Is digital meditation the new form of relaxation?

Mikaela Beberman

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No matter from where stressed is derived, it is an ever-present factor in teenagers’ school, home and social lives. According to the National Institute of Mental Health, 9 percent of American teens have an anxiety disorder. As teens, we need to be conscious about the state of our mental health and manage stress effectively. The Mayo Clinic reports that meditating not only improves emotional well-being, but also helps manage symptoms of certain medical conditions. This proves we should take advantage of meditation made accessible by the digital world. Here are four ranked relaxation apps to help relieve stress.

 

Calm:

4.5 stars

Cost: $59.99 annually

Calm has an Editor’s Choice Award from the Apple app store, which got me really excited to try it. When you first open the app, it asks you to take a deep breath, which sets the mood for meditation. You can also pick from 35 different moving backdrops with white noise (sounds of nature) on the home page. The main features of the app include sleep stories and guided meditations. However, many of the different episodes are unavailable without a subscription. Fortunately, there is a one-week free trial beforehand. I listened to “Blue Gold,” one of the sleep stories, but I prefered the guided meditations because the heavily-informational stories can be overwhelming. The only guided meditation series that is fully available without a subscription is “7 Days of Calm,” which lectures about the significance of mindfulness while also teaching breathing exercises. Calm also has a free respiration tool that can be customized to your breathing and instruct you when to inhale and exhale, something useful when on the go. Overall, Calm was a very tranquil experience, aside from the

Mikaela Beberman
Calm posts your most recently explored meditation series against your immersive background of choice.

inconvenient subscription cost. I highly recommend the guided meditations, as they are not only soothing but aim to break the stigma around mental health. 

 

Aura:

4 stars

Cost: $59.99 annually with a one-week free trial

Aura, first asks for an account and what you hope to achieve through the app. A feature I find particularly clever is that the app asks you for your current mood and then opens up a guided meditation session based off of it. As you listen to the meditations, you can manipulate what type of white noise (sounds of nature) and music you hear, which adds tranquility to the experience, but what I found most interesting were their sleep stories and life coaching. The sleep stories are more personal and reflective, making them a nice way to unwind, and the coaching offers advice on how to manage stressful emotions. Aura also allows you to keep a gratitude and reflection diary; I’ve always found writing concerns down to be especially therapeutic, so for those who express their worries in such a way, this is a great addition. Aura may be pricey for teens, but compared to Headspace, which is more expensive, it’s worth the price.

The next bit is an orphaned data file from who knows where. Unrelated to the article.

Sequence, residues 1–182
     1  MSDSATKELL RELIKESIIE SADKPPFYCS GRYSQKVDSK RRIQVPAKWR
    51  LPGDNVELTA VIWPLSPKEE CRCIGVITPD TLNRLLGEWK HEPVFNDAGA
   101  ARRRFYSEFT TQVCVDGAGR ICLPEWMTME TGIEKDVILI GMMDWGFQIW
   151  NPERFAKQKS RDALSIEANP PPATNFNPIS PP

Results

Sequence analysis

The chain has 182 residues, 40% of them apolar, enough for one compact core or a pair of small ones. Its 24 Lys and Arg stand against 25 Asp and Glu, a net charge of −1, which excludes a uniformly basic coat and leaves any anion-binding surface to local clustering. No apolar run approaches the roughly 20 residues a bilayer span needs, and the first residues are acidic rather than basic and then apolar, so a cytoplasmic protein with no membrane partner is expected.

Mikaela Beberman
Aura includes a unique gratefulness journal which can be updated at any time.

 

Breethe:

3 stars

Cost: $155.88 annually, plus a two-week free trial

Breethe asks you to explain why you want to meditate by picking out options from a list (happiness, relaxing, relieving stress and anxiety) when you first create an account. Although Aura has the same feature, Breethe is slightly different. It organizes guided meditations under the categories you picked, so if you wanted to work on becoming happier one day and relieving stress the next, it’s easier to do so. I also listened to some of their hypnotherapy—which, according to Psychology Today, is guided hypnosis—more specifically to an episode called “Spiritual Healing.” It focuses on getting rid of blocks in your personal energy field, or aura, that you’ve been carrying since your past lives. It also warns listeners to open their eyes to remind themselves they are safe if they feel too disturbed. This was way too intense and honestly stressed me out more than it relaxed me, so I don’t recommend using their hypnotherapy

Mikaela Beberman
Breethe sorts meditations into the goals you want to work on.

unless this type of mindfulness appeals to you. Additionally, their ASMR section was mediocre at best because some of the sounds were too loud and not entirely soothing. Breethe offers a wide range of meditation options but is not worth the price. 

Headspace:

2.5 stars

Cost: $69.99 annually or $12.99 a month

Headspace, like Calm, also has an Editor’s Choice award. Upon opening the app, you are asked to create an account and a personal meditation plan based on your past experience with meditating, your sleep schedule and what you aim to use the app for (relieving stress, becoming healthier, personal growth, work and productivity). Although this is a great way to ease people into mindfulness, the app’s cartoonish theme disrupts the relaxing vibe. As soon as Headspace finished creating my personal meditation plan, it opened up a short guided meditation session.

Mikaela Beberman
Exploring different meditation sessions on Headspace is made easy with distinct categories.

The male narrator’s voice was not entirely relaxing and he occasionally hesitated. Put off by the introductory meditation, I moved on to another series. This time, I switched to a female narrator. She was, in fact, worse than the male narrator, as she failed to sound engaged, which in turn failed to interest me. Just like Calm, Headspace requires a subscription to unlock all its features, but there is almost nothing available without one. The price is not worth the quality of the product.